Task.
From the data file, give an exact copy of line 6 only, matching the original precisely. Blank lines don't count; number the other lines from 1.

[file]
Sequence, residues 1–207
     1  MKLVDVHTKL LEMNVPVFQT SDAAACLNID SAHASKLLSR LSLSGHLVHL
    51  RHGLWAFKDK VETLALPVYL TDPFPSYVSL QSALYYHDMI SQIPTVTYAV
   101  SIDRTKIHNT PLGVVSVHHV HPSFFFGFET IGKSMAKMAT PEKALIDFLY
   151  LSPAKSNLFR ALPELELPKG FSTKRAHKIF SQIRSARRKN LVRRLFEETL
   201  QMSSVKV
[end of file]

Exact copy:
   201  QMSSVKV